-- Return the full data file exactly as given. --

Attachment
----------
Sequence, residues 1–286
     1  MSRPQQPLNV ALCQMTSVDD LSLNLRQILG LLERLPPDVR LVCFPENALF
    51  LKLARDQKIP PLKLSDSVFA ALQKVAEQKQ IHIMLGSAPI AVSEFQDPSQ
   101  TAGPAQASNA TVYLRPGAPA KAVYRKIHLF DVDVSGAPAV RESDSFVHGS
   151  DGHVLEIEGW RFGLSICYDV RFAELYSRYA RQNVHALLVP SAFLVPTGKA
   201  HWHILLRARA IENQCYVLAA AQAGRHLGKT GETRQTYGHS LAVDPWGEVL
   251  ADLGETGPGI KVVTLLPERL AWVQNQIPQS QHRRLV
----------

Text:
Sequence, residues 1–286
     1  MSRPQQPLNV ALCQMTSVDD LSLNLRQILG LLERLPPDVR LVCFPENALF
    51  LKLARDQKIP PLKLSDSVFA ALQKVAEQKQ IHIMLGSAPI AVSEFQDPSQ
   101  TAGPAQASNA TVYLRPGAPA KAVYRKIHLF DVDVSGAPAV RESDSFVHGS
   151  DGHVLEIEGW RFGLSICYDV RFAELYSRYA RQNVHALLVP SAFLVPTGKA
   201  HWHILLRARA IENQCYVLAA AQAGRHLGKT GETRQTYGHS LAVDPWGEVL
   251  ADLGETGPGI KVVTLLPERL AWVQNQIPQS QHRRLV